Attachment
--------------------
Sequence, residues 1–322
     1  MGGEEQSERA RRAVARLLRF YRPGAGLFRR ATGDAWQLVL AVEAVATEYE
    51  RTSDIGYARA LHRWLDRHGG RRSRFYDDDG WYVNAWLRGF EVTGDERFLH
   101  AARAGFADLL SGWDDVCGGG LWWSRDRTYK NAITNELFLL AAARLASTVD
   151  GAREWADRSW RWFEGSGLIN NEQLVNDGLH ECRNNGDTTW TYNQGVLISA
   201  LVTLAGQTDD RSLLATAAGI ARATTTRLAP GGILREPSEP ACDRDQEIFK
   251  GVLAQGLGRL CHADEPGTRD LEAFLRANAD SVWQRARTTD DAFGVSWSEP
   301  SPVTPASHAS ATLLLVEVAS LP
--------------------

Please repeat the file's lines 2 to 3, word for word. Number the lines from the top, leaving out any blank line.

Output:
     1  MGGEEQSERA RRAVARLLRF YRPGAGLFRR ATGDAWQLVL AVEAVATEYE
    51  RTSDIGYARA LHRWLDRHGG RRSRFYDDDG WYVNAWLRGF EVTGDERFLH